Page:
Ian andrews on Fri, 18 May 2001 16:17:14 +0200 (CEST)

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Re: <nettime> DNA bombs against DNA

>So my next question specific to this topic, is to ask; if all GM is not
>bad, why the opposition over transgenic crops? Biodiversity is already
>threatened by widespread agriculture regardless of whether the crops are
>genetically modified or not. Certain grasses are the most successful plants
>on the planet -- they selected humans such that we spread them practically
>everywhere we go. And of course all agricultural crops and animals are 'GM'
>by virtue of selective breeding anyway.

Scot, there is one major difference between GM crops and non GM crops and that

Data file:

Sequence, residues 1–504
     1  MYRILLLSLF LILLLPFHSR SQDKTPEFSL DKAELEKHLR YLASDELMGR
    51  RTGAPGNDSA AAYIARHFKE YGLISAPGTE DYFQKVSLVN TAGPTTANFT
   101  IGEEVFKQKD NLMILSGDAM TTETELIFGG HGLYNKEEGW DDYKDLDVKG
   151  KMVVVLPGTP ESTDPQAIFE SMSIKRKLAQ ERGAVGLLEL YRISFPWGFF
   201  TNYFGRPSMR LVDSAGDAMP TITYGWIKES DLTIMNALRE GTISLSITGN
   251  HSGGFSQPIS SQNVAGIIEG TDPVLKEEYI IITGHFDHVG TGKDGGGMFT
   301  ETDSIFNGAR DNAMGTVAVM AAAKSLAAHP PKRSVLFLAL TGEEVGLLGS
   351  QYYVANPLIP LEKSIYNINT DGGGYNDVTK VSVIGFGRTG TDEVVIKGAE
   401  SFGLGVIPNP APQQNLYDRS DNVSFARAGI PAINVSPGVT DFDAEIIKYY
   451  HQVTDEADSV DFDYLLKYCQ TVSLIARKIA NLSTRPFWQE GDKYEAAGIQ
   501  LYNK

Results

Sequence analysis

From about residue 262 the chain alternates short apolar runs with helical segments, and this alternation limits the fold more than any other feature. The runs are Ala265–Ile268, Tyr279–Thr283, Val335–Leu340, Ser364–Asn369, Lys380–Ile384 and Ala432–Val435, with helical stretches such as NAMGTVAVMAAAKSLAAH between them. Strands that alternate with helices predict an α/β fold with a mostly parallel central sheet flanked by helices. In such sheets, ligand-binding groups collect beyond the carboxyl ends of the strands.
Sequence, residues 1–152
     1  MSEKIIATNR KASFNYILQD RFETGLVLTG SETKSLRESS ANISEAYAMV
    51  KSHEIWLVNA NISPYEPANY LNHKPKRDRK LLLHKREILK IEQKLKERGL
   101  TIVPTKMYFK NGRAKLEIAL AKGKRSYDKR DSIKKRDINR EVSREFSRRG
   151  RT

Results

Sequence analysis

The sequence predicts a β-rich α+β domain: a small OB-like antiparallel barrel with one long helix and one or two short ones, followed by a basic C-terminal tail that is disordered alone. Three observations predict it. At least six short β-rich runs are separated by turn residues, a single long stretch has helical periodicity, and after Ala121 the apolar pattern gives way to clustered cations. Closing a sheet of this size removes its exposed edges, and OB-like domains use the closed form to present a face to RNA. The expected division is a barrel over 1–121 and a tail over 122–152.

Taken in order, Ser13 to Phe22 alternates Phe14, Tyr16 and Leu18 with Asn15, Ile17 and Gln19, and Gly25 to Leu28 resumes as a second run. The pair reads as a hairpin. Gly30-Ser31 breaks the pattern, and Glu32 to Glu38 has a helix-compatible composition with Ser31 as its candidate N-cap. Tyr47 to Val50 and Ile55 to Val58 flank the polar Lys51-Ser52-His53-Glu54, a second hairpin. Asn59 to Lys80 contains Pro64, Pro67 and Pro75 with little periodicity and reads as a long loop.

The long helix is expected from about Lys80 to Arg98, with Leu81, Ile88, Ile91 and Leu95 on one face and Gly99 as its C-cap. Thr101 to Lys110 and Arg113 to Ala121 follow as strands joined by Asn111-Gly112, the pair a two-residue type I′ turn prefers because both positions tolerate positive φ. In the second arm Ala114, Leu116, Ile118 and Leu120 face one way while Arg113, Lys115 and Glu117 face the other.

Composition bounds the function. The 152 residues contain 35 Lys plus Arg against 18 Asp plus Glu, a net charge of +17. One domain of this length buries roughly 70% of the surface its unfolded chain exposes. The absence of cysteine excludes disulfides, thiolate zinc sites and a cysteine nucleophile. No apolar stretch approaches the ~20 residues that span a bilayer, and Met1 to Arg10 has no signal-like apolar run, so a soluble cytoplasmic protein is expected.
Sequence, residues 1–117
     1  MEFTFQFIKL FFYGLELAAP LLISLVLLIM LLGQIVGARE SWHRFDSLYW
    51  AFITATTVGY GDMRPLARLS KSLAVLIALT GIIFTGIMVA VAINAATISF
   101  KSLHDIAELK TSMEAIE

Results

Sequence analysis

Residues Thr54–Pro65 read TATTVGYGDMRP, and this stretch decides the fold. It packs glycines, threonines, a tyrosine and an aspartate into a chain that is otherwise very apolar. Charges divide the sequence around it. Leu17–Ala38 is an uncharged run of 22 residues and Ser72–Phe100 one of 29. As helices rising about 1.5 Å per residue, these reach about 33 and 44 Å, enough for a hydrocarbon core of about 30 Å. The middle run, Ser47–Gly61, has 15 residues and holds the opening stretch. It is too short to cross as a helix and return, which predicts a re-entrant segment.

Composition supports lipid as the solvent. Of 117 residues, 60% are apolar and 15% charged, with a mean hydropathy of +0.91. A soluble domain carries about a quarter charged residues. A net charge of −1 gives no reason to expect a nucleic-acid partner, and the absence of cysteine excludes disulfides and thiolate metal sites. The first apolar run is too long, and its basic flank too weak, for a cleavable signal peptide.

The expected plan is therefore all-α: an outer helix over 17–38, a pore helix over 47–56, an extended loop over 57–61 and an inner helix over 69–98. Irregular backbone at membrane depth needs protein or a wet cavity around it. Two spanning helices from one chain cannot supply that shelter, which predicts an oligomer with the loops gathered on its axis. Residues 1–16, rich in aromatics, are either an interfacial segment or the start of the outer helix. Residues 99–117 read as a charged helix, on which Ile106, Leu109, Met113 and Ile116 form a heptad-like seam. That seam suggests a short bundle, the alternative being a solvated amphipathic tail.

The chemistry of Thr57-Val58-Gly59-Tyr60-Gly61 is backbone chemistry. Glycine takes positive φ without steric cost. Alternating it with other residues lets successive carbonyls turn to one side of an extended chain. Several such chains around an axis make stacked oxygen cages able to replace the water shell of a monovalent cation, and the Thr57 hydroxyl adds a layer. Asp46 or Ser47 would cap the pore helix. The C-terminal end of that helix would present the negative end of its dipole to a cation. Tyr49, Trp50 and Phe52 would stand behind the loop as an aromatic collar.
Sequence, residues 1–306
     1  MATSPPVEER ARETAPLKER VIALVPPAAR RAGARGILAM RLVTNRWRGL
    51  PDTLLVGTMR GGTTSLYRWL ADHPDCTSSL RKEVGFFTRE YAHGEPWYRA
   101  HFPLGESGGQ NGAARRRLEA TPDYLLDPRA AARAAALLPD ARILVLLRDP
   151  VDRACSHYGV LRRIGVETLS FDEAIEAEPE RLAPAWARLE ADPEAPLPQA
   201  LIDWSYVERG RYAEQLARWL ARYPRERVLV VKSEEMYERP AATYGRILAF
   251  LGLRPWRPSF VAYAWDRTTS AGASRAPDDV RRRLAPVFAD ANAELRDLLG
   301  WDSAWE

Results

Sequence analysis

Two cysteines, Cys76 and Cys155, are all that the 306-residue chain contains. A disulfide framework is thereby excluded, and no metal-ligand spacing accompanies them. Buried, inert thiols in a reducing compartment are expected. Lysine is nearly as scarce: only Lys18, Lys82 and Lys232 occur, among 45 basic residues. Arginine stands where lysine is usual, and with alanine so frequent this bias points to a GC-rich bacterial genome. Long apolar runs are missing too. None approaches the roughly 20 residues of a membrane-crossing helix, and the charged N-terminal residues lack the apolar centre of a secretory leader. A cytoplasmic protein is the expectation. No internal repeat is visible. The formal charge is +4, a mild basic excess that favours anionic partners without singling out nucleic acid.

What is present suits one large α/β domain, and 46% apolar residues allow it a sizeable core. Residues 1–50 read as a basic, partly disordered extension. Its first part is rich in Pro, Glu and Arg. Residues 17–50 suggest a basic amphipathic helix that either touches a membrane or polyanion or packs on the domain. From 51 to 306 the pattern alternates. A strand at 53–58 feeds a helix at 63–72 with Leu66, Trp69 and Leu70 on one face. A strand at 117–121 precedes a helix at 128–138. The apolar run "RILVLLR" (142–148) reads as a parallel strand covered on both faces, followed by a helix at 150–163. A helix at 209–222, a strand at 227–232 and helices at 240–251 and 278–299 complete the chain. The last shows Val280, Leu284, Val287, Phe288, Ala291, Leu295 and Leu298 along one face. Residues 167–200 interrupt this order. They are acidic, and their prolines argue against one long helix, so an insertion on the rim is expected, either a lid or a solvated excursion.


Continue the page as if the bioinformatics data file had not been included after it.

is that the (Monsanto) seeds are engineered to be barren in the next
generation, requiring the farmer to purchase more seeds for the next crop.  The
concern amongst both protesters and farmers is that a GM farm could
"genetically pollute" neighboring farms through cross fertilization when pollen
is carried by wind, thus rendereing those crops infertile. I don't know enough
about plant genetics to be able to say whether this is true or not, but I think
it would be safe to say that reseach into the environmental consequences of of
this aspect of GM agriculture is far from complete. Some of the effects on the
environment might only show up after many years. One only has to look at the
cane toad problem to see the results of hasty and unresearched biotech
solutions. In Australia a number of rural local councils are wanting to ban GM
farming but the Howard government, in its unrelenting zeal for the rights of
big business, is planning to override local bylaws in this issue.



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